The construction sector is estimated to contribute more than 20% of air pollution, 50% of the climate change, 40% of drinking water pollution, and 50% of landfill wastes. So, obviously, making the industry more sustainable is an effort worth pursuing.
While they can’t change the entire sector overnight, researchers at Heriot-Watt University started with a building brick. They managed to create a more sustainable brick, which is made from 90% recycled construction and demolition (plasterboard) waste, combined with a secret binder and compressed to size without firing.
Called K-Briq, it generates just a tenth of CO2 emissions of a traditional fired brick and less than a tenth of the energy in its manufacture. This makes it a perfect choice for everyone looking to support the sustainability ambitions of today’s construction industry.
The eco-friendly brick looks like a real one, and it weighs the same. But it also offers a few advantages — including higher thermal insulation property, the absence of firing, and, consequently – the reduction of carbon dioxide emissions during production. And the most interesting – such brick can be made in any color.
A spin-off company, called Kenoteq, was created to commercially produce these eco-friendly bricks. The Scottish startup is co-founded by Professor Gabriela Medero, who conceived the idea of the K-Briq more than ten years ago. He and his team have also signed an agreement with recycling specialist Hamilton Waste & Recycling to commercially produce this new type of recycled brick directly onsite at the firm’s Edinburgh plant, thereby reducing transport miles and carbon emissions.
Kenoteq has invested in machinery that can produce three million bricks per year.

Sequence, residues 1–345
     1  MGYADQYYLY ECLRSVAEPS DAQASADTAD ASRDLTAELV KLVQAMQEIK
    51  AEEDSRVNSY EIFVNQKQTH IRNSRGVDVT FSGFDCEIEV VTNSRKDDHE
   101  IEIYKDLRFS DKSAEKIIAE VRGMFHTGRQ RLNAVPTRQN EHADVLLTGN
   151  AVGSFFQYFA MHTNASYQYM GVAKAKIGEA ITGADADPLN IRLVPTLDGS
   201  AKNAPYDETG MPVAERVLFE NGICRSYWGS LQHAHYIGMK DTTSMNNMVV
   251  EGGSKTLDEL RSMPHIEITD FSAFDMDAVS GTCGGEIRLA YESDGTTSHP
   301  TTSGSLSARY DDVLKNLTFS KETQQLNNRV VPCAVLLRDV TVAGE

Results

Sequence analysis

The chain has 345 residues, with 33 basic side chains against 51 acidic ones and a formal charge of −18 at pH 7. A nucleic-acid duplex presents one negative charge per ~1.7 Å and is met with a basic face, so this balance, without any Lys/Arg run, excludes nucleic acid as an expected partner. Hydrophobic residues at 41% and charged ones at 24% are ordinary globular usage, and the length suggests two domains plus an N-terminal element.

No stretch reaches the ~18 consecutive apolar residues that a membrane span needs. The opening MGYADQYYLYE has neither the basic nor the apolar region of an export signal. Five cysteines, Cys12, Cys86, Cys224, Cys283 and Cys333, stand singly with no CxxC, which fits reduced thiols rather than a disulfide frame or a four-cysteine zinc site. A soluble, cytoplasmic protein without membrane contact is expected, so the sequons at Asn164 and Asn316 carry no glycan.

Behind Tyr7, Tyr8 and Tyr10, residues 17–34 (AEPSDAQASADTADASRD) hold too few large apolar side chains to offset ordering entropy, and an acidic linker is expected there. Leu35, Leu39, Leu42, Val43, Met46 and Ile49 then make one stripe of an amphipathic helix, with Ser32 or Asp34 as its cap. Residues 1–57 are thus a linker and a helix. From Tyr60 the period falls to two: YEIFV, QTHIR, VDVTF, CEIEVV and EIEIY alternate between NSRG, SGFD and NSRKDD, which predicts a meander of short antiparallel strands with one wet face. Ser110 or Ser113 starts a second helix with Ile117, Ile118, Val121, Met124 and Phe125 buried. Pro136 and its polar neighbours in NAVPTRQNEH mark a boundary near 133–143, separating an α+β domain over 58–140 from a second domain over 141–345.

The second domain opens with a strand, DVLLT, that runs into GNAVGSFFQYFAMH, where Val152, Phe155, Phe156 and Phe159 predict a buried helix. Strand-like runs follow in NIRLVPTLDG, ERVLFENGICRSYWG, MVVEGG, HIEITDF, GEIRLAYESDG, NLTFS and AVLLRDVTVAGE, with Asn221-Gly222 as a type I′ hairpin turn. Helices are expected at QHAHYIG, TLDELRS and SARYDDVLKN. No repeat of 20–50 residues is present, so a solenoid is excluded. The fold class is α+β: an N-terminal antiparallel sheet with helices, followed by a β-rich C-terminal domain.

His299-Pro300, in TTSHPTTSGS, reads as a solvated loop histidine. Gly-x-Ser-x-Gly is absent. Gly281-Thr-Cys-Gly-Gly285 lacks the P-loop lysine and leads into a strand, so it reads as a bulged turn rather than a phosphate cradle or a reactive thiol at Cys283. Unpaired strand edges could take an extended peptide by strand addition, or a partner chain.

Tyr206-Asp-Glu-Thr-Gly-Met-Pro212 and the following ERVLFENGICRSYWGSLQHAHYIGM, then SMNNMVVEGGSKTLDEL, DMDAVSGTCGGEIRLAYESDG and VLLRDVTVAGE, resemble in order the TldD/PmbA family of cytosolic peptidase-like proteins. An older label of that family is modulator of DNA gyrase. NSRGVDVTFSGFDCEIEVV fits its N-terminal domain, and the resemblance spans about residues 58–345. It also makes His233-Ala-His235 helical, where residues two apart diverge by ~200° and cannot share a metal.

It makes sense for any (local) government officials to promote sustainable development. Furthermore, by adopting newer, more eco-friendly materials these individuals stand to win at multiple fronts. First, K-Briq uses less carbon to make; second - it uses existing (waste) materials, helping the city's waste management efforts; and third - by adopting these bricks, the city sends a message that it is willing to embrace new technologies. That's a triple win situation.
With many of the world's cities talking about sustainable development, pitching K-Briq to local officials shouldn't be a problem. Actually, such a product would be pitched as part of the wider green building narrative in which eco-friendly bricks would play a major role. A smart company will contact Kenoteq to secure, if possible, an exclusive partnership in the region (city or country) and take it from there — pitching the new brick to other construction companies, politicians, as well as local media outlets. It's a newsworthy item so take advantage of that.
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Edinburgh, Scotland, United Kingdom